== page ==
Weather forecasting is the attempt by meteorologists to predict weather conditions that may be expected at some future time. Weather forecasting is the single most important practical reason for the existence of meteorology, the study of weather, as a science. Accurate weather forecasts help save money and lives.
Humans have been looking for ways to forecast the weather for centuries. Modern weather forecasting owes its existence to the invention of many weather recording instruments, such as the hygrometer, barometer, weather balloon, and radar. Three major technological developments have led weather forecasting to its current status: the development of instant communications with distant areas beginning in the late 1800s, remote sensing devices starting in the early 1900s, and computers in the late 1900s.
Weather recording instruments
In the fifteenth century, Italian artist and scientists Leonardo da Vinci (1452519) invented the hygrometer (pronounced hi-GROM-e-ter), an instrument that measures atmospheric humidity (moisture in the air). Around 1643, Italian physicist Evangelista Torricelli (1608647) created the barometer to measure air pressure differences. These instruments have been improved upon and refined many times since.
Weather information has long been displayed in map form. In 1686, English astronomer...
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Weather Forecasting (Science Experiments)
Weather forecasting before computers
Weather maps and computers
Air Pressure: How can air pressure be measured?
Weather forecasting,The scientific predictions of future weather patterns. the scientific prediction of weather patterns, may look simple when we watch a television weather forecast on the local news, but it's not. That forecast was based on data collected and analyzed from many sources.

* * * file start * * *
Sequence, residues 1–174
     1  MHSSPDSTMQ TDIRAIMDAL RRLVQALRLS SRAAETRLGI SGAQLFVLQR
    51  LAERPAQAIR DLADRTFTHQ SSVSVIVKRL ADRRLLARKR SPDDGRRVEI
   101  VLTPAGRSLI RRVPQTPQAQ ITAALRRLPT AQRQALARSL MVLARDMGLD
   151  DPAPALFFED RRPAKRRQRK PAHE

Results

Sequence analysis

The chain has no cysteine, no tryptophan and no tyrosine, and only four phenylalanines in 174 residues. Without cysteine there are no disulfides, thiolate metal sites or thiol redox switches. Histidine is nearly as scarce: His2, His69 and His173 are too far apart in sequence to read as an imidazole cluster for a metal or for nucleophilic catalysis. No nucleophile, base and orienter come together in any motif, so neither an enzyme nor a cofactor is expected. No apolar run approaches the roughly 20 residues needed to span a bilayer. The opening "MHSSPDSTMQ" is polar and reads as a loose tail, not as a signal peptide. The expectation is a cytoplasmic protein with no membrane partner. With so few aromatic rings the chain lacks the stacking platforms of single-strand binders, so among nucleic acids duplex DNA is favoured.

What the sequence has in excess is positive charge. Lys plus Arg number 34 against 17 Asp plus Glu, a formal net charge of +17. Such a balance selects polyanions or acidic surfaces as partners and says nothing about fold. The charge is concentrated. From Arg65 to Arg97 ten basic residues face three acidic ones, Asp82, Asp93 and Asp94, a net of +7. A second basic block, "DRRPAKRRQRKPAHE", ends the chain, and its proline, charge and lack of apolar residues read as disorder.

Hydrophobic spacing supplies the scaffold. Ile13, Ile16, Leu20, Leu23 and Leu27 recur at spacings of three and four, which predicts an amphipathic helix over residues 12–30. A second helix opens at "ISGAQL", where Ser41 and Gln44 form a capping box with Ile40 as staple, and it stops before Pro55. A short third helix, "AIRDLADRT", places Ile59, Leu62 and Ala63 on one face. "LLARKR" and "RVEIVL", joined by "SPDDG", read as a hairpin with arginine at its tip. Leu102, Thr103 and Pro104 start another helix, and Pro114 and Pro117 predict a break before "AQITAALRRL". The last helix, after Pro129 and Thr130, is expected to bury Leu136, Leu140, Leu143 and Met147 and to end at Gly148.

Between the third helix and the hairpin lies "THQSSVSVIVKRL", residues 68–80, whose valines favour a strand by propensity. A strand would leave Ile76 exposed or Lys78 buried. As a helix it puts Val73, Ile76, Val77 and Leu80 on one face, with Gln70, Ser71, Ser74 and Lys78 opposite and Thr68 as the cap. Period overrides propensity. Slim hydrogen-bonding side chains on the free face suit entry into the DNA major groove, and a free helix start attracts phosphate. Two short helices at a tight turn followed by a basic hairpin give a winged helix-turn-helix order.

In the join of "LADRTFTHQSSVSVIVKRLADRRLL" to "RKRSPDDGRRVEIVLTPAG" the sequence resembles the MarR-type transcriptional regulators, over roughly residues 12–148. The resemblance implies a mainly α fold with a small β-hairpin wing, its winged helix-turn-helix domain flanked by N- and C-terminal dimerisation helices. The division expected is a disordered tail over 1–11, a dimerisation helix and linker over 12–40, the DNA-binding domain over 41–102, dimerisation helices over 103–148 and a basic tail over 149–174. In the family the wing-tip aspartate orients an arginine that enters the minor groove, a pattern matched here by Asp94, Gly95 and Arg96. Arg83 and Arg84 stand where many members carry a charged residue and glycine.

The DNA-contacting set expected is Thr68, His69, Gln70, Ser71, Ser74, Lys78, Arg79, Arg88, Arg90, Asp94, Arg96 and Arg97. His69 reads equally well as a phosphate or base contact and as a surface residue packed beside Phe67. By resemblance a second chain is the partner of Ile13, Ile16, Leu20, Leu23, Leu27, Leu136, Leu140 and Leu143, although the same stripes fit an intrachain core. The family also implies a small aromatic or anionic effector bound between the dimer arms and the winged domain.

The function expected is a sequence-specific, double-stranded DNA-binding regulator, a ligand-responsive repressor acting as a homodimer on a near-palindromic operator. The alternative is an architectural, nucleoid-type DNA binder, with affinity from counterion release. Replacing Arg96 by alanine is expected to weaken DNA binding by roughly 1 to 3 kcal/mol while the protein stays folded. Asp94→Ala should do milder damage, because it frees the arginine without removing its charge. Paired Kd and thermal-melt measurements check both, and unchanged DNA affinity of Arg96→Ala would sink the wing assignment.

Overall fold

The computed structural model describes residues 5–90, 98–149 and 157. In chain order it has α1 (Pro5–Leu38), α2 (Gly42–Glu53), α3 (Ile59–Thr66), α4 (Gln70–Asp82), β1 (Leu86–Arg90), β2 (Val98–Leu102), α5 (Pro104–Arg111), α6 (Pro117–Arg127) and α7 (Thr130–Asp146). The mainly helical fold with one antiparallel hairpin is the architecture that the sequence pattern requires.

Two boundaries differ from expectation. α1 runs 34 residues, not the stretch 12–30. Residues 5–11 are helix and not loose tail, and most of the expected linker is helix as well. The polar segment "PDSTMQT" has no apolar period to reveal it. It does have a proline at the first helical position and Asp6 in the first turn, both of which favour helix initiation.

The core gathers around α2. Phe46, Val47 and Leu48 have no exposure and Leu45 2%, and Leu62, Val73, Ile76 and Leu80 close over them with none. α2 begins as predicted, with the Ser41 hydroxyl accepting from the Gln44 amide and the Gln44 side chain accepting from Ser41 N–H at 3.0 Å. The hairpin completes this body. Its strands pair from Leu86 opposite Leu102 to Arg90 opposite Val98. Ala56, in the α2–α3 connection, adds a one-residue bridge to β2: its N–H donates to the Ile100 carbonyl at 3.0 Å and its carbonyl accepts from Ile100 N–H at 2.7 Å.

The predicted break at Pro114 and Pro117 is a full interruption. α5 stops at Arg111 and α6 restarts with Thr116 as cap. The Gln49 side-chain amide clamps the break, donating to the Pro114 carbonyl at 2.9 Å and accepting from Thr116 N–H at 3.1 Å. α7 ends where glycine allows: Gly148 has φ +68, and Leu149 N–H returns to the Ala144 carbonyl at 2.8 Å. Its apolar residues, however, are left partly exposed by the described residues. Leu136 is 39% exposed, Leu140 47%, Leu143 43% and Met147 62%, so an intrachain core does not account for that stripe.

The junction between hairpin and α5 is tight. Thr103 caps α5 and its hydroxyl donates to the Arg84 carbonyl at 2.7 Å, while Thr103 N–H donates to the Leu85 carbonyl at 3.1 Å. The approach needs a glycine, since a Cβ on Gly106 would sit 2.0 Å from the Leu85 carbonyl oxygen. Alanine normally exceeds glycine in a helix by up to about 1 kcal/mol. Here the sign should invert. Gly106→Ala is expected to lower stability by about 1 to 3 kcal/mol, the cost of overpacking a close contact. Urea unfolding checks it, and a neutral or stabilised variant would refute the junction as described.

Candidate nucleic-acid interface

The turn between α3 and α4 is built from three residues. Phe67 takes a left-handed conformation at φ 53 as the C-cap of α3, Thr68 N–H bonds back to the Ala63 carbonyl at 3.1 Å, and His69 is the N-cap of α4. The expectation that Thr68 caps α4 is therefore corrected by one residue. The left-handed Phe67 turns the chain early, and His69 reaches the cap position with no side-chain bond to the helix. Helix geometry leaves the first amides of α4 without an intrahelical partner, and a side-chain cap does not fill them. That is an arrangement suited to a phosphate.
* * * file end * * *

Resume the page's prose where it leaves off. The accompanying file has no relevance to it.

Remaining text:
About 12,000 weather stations throughout the world communicate weather observations and data to international weather centers every three hours where the information is analyzed by who study the weather and the atmosphere. The weather stations consist of outdoor shelters, known as Stevenson screens, that house instruments such as thermometers, which measure air temperature, and anemometers, which record wind speed. All instruments at these stations are of the same type and accuracy.
Weather stations also record many other weather elements, including types of clouds, humidity, air pressure, precipitation (rainfall...
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Weather Forecasting (World of Earth Science)
Weather forecasting is the attempt by meteorologists to predict the state of the atmosphere at some future time and the weather conditions that may be expected. Weather forecasting is the single most important practical reason for the existence of meteorology as a science. It is obvious that knowing the future of the weather can be important for individuals and organizations. Accurate weather forecasts can tell a farmer the best time to plant, an airport control tower what information to send to planes that are landing and taking off, and residents of a coastal region when a hurricane might strike.
Humans have been looking for ways to forecast the weather for centuries. The Greek natural philosopher Theophrastus wrote a Book of Signs, in about 300 B.C. listing more than 200 ways of knowing when to expect rain, wind, fair conditions, and other kinds of weather.
Scientifically-based weather forecasting was not possible until meteorologists were able to collect data about current weather conditions from a relatively widespread system of observing stations and organize that data in a timely fashion. By the 1930s, these conditions had been met. Vilhelm and Jacob Bjerknes developed a weather station network in the 1920s that allowed for the collection of regional weather data. The weather data collected by the network could be transmitted nearly instantaneously by use of the telegraph, invented in the 1830s by Samuel F. B. Morse. The age of scientific forecasting, also referred to as synoptic forecasting, was under way.
In the United States, weather forecasting is the responsibility of the National Weather Service (NWS), a division of the National Oceanic and Atmospheric Administration (NOAA) of the Department of Commerce. NWS maintains more than 400 field offices and observatories in all 50 states and overseas. The future modernized structure of the NWS will include 116 weather forecast offices (WFO) and 13 river forecast centers, all collocated with WFOs. WFOs also collect data from ships at sea all over the world and from meteorological satellites circling Earth. Each year the Service collects nearly four million pieces of information about atmospheric conditions from these sources.